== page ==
Editor’s note: Each Tuesday, ‘Breaking Glass’, written by Jennifer Tilden, takes a look at issues confronting women and minority entrepreneurs. Certifications have become a common distinguishing element in today’s highly competitive business environment. They separate the pros from the amateurs in the fitness training industry. They increase the perception of expertise and allow higher billable rates for programmers and developers. And, they provide a means for women-owned businesses to expose themselves to a whole new market of potential clients and business partners.

Two national organizations, the Women’s Business Enterprise National Council (WBENC) and the National Women Business Owners Council (NWBOC) offer certification program to identify a company as an official “Women’s Business Enterprise” (WBE). The more prominent of the two organizations offering the programs is the WBENC, which celebrated its fifth anniversary last month. WBENC is managed by corporations seeking to find and to do business with WBEs. More than 400 Fortune 500 companies pay between $10,000 and $1100,000 per year to belong to WBENC, and they pursue businesses that have this particular certification only.

The purpose for certification is to identify a company as women-owned according to standardized criteria. The benefit is that many major corporations have initiatives and requirements in place to generate business with WBEs and the certification ensures that these targets are what they appear to be.

Criteria include that 51 percent of the business be women or women-owned and 51 percent of the daily operations must be managed by a woman or women. Who in the company makes hiring decisions, who has deal making authority and who authorizes checks and payroll factor into the definition as well. The certification itself consists of a series of forms to prove and document a company’s claims that it meets the criteria. Nearly all large companies with WBE initiatives will not even consider doing business with a firm that’s not officially certified. Once certified, a WBE is open to a whole new scope of business opportunities.

Why aren’t there more certifications?

According to recent data, there are close to 9.1 million women-owned businesses in the United Sates. Of that number, a mere 2,000 have been certified through the national programs.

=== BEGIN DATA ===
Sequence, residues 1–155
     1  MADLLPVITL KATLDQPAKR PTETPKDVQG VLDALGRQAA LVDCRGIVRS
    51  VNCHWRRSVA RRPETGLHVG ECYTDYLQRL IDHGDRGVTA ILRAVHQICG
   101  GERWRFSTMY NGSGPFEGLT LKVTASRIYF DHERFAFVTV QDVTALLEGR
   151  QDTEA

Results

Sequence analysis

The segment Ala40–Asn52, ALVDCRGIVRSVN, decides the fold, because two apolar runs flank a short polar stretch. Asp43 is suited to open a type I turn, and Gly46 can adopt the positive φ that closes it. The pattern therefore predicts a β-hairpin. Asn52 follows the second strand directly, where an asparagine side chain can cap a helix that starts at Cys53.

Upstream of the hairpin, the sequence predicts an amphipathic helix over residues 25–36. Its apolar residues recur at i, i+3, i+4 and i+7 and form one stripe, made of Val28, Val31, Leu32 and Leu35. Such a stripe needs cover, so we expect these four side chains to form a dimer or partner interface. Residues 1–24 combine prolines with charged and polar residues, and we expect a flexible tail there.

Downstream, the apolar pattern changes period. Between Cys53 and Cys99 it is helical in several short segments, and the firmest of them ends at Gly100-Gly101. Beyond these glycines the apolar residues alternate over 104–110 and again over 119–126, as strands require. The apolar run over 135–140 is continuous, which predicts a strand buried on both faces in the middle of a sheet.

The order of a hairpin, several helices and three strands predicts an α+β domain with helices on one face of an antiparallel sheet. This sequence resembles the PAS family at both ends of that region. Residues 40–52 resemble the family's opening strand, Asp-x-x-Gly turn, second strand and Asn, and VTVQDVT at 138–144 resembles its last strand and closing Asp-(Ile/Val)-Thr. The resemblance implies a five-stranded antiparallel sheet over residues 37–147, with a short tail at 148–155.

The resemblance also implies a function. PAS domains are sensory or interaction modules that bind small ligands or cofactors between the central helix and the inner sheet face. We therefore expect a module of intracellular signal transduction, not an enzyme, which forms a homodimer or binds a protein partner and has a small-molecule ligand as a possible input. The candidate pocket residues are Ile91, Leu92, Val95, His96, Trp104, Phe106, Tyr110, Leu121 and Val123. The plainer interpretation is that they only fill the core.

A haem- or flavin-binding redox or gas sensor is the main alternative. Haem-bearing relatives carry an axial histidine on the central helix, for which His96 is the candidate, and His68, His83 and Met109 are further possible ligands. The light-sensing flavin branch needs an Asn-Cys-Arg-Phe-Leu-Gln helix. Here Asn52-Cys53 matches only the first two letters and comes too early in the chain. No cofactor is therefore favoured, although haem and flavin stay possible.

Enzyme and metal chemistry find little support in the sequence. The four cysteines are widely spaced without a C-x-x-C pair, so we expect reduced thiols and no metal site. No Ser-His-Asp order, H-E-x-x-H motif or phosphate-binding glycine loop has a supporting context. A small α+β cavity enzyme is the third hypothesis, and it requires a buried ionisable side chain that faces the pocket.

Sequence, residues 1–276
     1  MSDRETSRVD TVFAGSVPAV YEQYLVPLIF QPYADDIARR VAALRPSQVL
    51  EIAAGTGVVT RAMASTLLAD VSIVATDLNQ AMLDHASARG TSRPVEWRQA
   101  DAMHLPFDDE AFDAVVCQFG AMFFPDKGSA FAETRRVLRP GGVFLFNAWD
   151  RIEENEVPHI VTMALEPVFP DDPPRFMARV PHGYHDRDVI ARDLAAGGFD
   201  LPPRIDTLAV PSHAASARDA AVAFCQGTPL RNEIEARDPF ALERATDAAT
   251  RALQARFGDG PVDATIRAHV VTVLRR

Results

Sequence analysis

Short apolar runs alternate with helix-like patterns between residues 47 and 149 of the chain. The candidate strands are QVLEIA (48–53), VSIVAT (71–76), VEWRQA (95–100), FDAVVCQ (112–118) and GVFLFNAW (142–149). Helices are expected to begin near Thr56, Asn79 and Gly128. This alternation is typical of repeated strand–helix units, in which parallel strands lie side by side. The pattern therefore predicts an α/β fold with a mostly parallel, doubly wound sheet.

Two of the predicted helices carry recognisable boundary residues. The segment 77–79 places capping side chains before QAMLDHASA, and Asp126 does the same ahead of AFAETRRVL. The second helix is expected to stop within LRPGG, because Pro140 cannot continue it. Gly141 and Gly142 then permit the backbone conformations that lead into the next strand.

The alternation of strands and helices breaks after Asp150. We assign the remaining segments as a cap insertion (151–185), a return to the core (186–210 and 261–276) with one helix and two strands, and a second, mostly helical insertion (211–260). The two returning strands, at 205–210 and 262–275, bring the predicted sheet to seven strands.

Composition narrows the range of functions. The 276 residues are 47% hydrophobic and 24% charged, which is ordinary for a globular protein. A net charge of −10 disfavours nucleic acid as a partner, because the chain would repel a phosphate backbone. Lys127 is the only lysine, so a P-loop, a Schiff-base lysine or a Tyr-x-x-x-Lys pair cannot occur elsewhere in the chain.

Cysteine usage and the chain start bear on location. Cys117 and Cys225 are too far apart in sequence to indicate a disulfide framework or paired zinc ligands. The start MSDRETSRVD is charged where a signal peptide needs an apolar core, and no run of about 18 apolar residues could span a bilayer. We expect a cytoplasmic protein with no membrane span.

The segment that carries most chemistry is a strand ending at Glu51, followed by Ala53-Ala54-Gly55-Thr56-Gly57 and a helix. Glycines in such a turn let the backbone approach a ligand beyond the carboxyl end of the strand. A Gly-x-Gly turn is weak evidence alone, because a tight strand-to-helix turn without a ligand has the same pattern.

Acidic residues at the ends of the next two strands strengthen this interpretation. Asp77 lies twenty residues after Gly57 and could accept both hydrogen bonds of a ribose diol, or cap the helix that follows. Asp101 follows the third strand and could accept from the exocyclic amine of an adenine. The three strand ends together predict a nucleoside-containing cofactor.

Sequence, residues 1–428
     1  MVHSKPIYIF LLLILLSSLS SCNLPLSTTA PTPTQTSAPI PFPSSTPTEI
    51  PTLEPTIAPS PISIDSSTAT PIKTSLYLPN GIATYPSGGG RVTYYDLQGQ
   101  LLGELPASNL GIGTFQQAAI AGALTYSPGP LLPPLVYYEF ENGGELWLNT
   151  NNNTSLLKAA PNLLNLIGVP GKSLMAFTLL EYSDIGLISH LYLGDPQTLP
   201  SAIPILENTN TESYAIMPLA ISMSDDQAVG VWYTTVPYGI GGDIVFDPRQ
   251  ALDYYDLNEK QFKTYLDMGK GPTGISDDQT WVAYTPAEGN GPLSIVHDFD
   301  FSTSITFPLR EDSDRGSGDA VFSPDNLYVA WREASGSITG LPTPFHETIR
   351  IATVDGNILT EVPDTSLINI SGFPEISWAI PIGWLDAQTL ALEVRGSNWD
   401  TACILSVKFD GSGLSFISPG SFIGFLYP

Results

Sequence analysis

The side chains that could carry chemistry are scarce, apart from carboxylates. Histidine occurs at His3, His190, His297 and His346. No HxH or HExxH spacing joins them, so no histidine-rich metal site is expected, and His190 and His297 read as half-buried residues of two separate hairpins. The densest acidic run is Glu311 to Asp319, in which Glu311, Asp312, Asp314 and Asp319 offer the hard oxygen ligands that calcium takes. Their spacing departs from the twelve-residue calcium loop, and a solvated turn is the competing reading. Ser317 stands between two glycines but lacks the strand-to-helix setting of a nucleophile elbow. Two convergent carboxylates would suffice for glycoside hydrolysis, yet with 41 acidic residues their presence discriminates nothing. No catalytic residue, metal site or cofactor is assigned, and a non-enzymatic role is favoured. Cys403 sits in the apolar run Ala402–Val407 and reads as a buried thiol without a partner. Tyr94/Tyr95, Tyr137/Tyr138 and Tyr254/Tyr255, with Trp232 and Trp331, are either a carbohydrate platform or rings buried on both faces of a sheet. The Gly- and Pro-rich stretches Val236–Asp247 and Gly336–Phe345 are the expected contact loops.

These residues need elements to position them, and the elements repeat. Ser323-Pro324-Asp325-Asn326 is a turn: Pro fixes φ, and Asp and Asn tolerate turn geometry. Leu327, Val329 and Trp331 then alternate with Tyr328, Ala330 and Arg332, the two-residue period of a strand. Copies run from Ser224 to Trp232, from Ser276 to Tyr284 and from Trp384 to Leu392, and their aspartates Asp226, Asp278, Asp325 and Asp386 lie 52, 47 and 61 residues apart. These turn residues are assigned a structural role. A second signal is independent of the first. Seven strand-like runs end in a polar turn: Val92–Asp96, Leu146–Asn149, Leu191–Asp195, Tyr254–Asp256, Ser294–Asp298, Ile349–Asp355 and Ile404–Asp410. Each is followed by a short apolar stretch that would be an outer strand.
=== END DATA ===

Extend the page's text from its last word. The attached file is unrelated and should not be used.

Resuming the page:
Mary Cantando, local entrepreneur and founder of sales and marketing strategy development and consulting firm Cantando & Associates has been leading the charge in the RTP to encourage and help facilitate local WBEs into achieving certification. Her business clients are $2 million to $20 million in revenue women-owned businesses.

“I found that although most of my clients qualified to achieve certification, they didn’t pursue it,” Cantando tells Local Tech Wire. “First of all, they didn’t really understand the value of getting certified. Second, they may think it’s a great idea but they say they don’t have time to do it. The application process itself is a daunting task. ”

By “daunting”, Cantando refers to the paperwork and the time and details required to complete it. For example, WBENC certification consists of a 20-page application with 35 attachments. NWBOC certification consists of a 14-page application with 43 attachments. There is also an application fee and audit committee for each program.

“Many entrepreneurs are so focused working in their businesses they don’t make time to work on their businesses” says Cantando. “They’ve got their blinders on and are working full steam ahead. Something like this can easily be back-burnered or not seen as a priority. It’s complex and requires a significant time commitment and they may not see the potential return.”

As part of her business, Cantando provides advising and management of the certification process for interested clients. And the return can be very significant. According to Cantando, there are some staggering testimonials from recipients of the certification.

“I spoke to a business woman in the DC area who had recently received the certification. She was in her third year of business. She told me the first two years she got a few hundred thousand dollar contracts, but in her first year certified she closed a $6 million contract. “

A need to swallow pride?

Companies are not targeting WBEs out of the goodness of their hearts or as part of any kind of government or corporate mandate. They are targeting these businesses for reasons related to what Cantando calls the “five Cs”:

1. Customers
2. Contract awards
3. Competitiveness
4. Communities
5. Common good

“I needed to convince my clients that this was not some kind of special dispensation for women” says Cantando. “They have this strong, ‘I can make it on my own’ mentality. By doing business with WBEs, these large companies develop new customers, gain PR opportunities, assist with local economic development, or meet their own contract incentives. I say, if you were in a card game and you had a trump card in your you’re deck, wouldn’t you play it?”

(For more information, contact Cantando via email (cantando@mindspring.com).

Web site for Women’s Business Enterprise National Council: www.wbenc.org

Web site for National Women Business Owners Council: www.nwboc.org